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In JoVE (1)
Other Publications (3)
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Articles by Phillip George in JoVE
High-throughput Fysische in kaart brengen van Chromosomen met Automatisch
Phillip George, Maria V. Sharakhova, Igor V. Sharakhov
Department of Entomology, Virginia Tech
Other articles by Phillip George on PubMed
BMC Genomics. 2010 | Pubmed ID: 20684766
Heterochromatin plays an important role in chromosome function and gene regulation. Despite the availability of polytene chromosomes and genome sequence, the heterochromatin of the major malaria vector Anopheles gambiae has not been mapped and characterized.
Molecular Evolution of a Gene Cluster of Serine Proteases Expressed in the Anopheles Gambiae Female Reproductive Tract
BMC Evolutionary Biology. 2011 | Pubmed ID: 21418586
Genes involved in post-mating processes of multiple mating organisms are known to evolve rapidly due to coevolution driven by sexual conflict among male-female interacting proteins. In the malaria mosquito Anopheles gambiae - a monandrous species in which sexual conflict is expected to be absent or minimal - recent data strongly suggest that proteolytic enzymes specifically expressed in the female lower reproductive tissues are involved in the processing of male products transferred to females during mating. In order to better understand the role of selective forces underlying the evolution of proteins involved in post-mating responses, we analysed a cluster of genes encoding for three serine proteases that are down-regulated after mating, two of which specifically expressed in the atrium and one in the spermatheca of A. gambiae females.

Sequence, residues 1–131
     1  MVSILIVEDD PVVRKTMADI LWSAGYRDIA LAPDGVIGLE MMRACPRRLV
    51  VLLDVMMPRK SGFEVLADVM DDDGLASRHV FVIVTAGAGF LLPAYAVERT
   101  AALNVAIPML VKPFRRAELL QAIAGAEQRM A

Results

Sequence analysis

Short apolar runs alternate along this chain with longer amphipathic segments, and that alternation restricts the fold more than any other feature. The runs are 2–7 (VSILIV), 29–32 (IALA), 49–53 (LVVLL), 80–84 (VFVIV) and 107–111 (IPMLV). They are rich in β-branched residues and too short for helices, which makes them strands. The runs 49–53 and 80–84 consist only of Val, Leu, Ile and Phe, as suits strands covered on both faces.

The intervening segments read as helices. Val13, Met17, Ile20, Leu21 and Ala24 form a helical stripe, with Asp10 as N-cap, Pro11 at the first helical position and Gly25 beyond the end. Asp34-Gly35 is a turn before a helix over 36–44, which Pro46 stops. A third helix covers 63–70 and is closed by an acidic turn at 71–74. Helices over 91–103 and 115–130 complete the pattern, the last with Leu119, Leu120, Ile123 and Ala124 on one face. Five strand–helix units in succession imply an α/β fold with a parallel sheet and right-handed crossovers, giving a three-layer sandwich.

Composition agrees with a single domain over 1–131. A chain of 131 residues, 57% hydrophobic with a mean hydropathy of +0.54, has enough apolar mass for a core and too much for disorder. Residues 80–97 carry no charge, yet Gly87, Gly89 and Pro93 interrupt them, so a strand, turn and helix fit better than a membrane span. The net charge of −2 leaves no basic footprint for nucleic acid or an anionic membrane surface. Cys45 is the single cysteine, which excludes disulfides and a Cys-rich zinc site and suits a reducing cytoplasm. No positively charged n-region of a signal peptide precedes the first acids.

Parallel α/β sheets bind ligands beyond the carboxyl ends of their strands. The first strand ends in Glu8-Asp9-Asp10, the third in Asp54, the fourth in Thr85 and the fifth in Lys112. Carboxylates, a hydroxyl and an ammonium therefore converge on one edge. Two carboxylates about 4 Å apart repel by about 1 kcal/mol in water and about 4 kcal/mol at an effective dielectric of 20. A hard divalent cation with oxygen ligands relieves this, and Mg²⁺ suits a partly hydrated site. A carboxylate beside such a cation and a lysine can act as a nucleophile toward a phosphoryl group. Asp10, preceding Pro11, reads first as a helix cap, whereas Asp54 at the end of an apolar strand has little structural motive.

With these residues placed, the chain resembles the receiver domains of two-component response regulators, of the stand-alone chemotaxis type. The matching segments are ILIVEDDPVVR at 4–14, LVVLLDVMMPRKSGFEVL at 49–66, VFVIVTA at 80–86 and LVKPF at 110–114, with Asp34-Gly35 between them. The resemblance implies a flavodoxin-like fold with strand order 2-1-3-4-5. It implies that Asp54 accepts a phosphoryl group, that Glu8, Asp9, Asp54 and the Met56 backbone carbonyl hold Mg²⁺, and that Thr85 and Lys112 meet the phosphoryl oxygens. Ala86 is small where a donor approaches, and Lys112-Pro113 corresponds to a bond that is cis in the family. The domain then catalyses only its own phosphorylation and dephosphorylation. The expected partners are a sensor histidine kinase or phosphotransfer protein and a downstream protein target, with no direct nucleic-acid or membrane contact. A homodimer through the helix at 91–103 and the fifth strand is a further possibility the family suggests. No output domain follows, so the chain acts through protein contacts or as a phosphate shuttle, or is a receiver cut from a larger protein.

Molecular Characterization and Evolution of a Gene Family Encoding Male-specific Reproductive Proteins in the African Malaria Vector Anopheles Gambiae
BMC Evolutionary Biology. 2011 | Pubmed ID: 21978124
During copulation, the major Afro-tropical malaria vector Anopheles gambiae s.s. transfers male accessory gland (MAG) proteins to females as a solid mass (i.e. the "mating plug"). These proteins are postulated to function as important modulators of female post-mating responses. To understand the role of selective forces underlying the evolution of these proteins in the A. gambiae complex, we carried out an evolutionary analysis of gene sequence and expression divergence on a pair of paralog genes called AgAcp34A-1 and AgAcp34A-2. These encode MAG-specific proteins which, based on homology with Drosophila, have been hypothesized to play a role in sperm viability and function.